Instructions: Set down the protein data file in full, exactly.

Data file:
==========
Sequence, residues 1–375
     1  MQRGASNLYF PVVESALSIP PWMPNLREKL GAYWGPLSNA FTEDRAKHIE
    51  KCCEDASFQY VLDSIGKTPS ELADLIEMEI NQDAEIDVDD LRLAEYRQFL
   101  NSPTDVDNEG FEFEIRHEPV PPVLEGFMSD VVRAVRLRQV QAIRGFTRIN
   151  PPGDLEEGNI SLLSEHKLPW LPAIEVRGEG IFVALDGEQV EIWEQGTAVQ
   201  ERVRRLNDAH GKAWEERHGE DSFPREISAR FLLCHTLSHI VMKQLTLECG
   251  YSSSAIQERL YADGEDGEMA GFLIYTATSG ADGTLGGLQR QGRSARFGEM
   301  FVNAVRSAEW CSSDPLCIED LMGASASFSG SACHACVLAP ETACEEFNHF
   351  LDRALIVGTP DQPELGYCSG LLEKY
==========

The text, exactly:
Sequence, residues 1–375
     1  MQRGASNLYF PVVESALSIP PWMPNLREKL GAYWGPLSNA FTEDRAKHIE
    51  KCCEDASFQY VLDSIGKTPS ELADLIEMEI NQDAEIDVDD LRLAEYRQFL
   101  NSPTDVDNEG FEFEIRHEPV PPVLEGFMSD VVRAVRLRQV QAIRGFTRIN
   151  PPGDLEEGNI SLLSEHKLPW LPAIEVRGEG IFVALDGEQV EIWEQGTAVQ
   201  ERVRRLNDAH GKAWEERHGE DSFPREISAR FLLCHTLSHI VMKQLTLECG
   251  YSSSAIQERL YADGEDGEMA GFLIYTATSG ADGTLGGLQR QGRSARFGEM
   301  FVNAVRSAEW CSSDPLCIED LMGASASFSG SACHACVLAP ETACEEFNHF
   351  LDRALIVGTP DQPELGYCSG LLEKY